> it is referring to what you defined as retention.

With the caveat that I don't, of course, speak for any policymaking individual or organization: I don't believe you accurately characterize the views of many leaders in the field.  There are, broadly, two ways in which a website might learn information from a browser: "active collection," where the site goes out of its way to learn from the browser (e.g. cookies, fingerprinting), and "passive collection," where the site receives protocol information by virtue of HTTP, TCP, IP, etc. traffic from a browser.  The present view among many top policymakers, as I understand it, would consider all "active collection" a form of "collection."  There is some uncertainty on whether ephemeral "passive collection" would be "collection."

> The proposal I have
> made does not in any way allow unabated collection of browser history,
> nor can it override any of the existing or future regulations that might
> apply to such an activity.  I am assuming that the exemptions will be
> defined by this WG in a way that limits such retention, just as in
> the example I gave regarding frequency capping.  If we can't figure
> out a way to do that, then the specification will not be implemented.

To clarify, let me use the "active collection" and "passive collection" terminology.

I would object to any proposal that allows routine active collection of a user's browsing history, and that does not impose significant retention limits on passively collected browsing history.

I think your proposal trends in that direction.  But given that you've manage to confuse a sizable share of the working group, I'm not planning to dwell on it further.

>> That said, there are many ways of creatively reaching consensus on fraud prevention (and similar issues).  I've had some very productive conversations with advertising participants in the working group about implementing a tiered-response approach to fraud prevention (e.g. if there is good cause to believe an IP address is associated in fraudulent activity, such as loading 100 ads in under 1 second, then an ID cookie, fingerprinting, etc. would all be fair game).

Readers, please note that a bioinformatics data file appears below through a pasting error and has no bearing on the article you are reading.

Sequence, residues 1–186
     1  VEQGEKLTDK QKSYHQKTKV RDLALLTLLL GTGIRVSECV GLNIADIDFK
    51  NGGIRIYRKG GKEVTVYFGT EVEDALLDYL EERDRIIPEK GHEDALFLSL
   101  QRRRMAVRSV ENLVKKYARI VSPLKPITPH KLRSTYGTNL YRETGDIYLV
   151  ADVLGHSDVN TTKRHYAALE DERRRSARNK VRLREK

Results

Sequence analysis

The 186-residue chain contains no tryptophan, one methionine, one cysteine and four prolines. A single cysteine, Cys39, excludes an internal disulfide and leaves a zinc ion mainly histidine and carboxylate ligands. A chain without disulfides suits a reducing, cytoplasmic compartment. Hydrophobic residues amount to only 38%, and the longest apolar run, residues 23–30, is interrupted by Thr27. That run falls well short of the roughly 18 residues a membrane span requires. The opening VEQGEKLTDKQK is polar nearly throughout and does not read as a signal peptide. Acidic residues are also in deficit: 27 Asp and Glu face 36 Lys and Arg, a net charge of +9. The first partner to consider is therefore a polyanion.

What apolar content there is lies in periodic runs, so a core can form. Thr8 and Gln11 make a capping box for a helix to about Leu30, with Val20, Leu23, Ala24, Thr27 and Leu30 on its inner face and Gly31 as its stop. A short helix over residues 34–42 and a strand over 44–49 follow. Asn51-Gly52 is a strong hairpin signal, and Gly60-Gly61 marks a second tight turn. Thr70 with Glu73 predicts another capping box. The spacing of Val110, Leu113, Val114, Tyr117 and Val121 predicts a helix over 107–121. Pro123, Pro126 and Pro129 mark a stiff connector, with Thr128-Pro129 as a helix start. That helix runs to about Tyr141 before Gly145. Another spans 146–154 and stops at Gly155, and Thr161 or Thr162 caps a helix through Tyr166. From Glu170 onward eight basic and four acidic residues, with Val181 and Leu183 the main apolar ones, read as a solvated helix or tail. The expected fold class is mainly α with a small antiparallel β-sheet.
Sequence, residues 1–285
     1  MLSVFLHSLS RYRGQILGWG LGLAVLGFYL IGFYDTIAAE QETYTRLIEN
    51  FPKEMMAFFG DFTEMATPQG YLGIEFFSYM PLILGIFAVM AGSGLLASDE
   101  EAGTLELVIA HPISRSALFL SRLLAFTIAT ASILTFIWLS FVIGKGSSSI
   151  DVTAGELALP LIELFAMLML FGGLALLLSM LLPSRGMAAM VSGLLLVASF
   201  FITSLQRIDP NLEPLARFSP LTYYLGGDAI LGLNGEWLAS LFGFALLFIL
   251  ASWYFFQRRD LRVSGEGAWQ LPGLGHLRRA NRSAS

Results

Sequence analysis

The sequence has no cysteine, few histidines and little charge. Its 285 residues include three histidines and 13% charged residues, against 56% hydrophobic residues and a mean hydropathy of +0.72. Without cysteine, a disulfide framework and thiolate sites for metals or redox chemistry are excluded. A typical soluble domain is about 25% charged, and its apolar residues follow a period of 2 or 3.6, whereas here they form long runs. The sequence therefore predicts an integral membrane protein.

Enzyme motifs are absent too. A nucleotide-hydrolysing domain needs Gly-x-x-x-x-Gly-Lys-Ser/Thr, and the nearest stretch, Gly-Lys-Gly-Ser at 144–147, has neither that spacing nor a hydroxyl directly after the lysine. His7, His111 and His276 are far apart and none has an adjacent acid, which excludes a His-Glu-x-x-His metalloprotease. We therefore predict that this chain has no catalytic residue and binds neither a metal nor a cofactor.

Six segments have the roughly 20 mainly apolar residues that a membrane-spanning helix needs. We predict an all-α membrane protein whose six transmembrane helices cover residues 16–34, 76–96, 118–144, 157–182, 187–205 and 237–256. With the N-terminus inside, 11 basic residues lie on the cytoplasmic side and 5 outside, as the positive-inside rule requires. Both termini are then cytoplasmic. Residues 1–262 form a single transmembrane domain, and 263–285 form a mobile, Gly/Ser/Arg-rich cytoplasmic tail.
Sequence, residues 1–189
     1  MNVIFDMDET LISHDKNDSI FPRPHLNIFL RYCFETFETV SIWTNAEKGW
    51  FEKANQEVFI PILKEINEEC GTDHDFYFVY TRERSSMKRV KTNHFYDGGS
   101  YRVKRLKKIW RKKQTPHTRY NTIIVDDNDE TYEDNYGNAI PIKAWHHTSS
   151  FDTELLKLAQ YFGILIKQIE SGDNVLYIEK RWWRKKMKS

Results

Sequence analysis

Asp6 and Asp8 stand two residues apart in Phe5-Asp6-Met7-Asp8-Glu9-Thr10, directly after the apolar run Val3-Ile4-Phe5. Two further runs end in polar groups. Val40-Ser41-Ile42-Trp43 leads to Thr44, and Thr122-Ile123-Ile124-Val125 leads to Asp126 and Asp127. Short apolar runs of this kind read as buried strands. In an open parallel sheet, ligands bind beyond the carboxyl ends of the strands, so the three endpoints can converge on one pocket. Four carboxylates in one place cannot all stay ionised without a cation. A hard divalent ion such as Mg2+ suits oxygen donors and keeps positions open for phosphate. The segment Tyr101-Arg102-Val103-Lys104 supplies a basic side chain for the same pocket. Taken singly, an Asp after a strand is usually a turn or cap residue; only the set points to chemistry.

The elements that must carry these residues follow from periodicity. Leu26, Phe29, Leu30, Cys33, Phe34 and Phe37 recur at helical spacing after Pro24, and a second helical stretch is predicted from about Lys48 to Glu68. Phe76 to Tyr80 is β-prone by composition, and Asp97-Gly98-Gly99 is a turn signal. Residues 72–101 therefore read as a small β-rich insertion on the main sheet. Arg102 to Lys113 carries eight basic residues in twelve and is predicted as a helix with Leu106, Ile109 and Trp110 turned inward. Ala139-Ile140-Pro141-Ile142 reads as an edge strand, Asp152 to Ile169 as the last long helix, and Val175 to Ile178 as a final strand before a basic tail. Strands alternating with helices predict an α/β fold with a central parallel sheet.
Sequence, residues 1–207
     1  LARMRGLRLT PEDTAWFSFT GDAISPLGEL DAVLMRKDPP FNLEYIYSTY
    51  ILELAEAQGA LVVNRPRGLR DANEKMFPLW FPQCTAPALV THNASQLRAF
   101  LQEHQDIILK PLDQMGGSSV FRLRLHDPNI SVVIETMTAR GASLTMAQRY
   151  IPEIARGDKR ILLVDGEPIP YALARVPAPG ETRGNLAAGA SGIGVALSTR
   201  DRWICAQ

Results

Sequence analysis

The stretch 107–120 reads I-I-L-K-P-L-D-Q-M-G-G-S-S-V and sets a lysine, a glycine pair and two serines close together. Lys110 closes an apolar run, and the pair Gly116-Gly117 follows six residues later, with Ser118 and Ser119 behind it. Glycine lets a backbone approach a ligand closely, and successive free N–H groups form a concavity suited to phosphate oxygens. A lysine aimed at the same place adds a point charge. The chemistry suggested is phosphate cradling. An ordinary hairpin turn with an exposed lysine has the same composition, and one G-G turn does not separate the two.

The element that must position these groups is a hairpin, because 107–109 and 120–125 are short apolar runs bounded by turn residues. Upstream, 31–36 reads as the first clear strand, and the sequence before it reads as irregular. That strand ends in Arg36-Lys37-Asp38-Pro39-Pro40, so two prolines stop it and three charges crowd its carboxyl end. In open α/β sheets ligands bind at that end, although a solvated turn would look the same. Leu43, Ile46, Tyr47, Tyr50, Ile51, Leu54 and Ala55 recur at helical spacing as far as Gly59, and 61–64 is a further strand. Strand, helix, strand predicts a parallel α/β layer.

>> 
>>>> That said, as others have expressed, I'd prefer to avoid the quagmire of defining the word "tracking."  The topic has repeatedly proven a waste of the group's time.  I see no need for us to reach consensus on magic words; we need consensus on substance. 
>>> 
>>> Given that the protocol is "Do Not Track", this issue has more
>>> substance then the entire rest of the compliance document.
>> 
>> You've vocally repeated this view for nearly six months.  I, and many others, remain in complete disagreement on the need for a consensus Grand Unified Theory of Tracking.  We're not going to settle that - but, thankfully, we don't have to.
> 
> You don't have to.  I do.  I will not tolerate a W3C recommendation in
> which two people in the same WG can't even have a conversation about
> what it means because each are using the same term to mean two entirely
> different things.

If you insist on having some definition of the term "tracking" in the document, that's easy.  We could either affix the label to the headline no-collection/retention/use rule (the approach in the Internet-Draft), or we could attach it to whatever the standard substantively prohibits (example: "'Tracking' encompasses any practice that is prohibited by this specification.").

If you insist on having metaphysical agreement on what the magic word "tracking" means, that's completely unnecessary.  

> ....Roy
> 
> 
Received on Thursday, 8 March 2012 08:46:02 UTC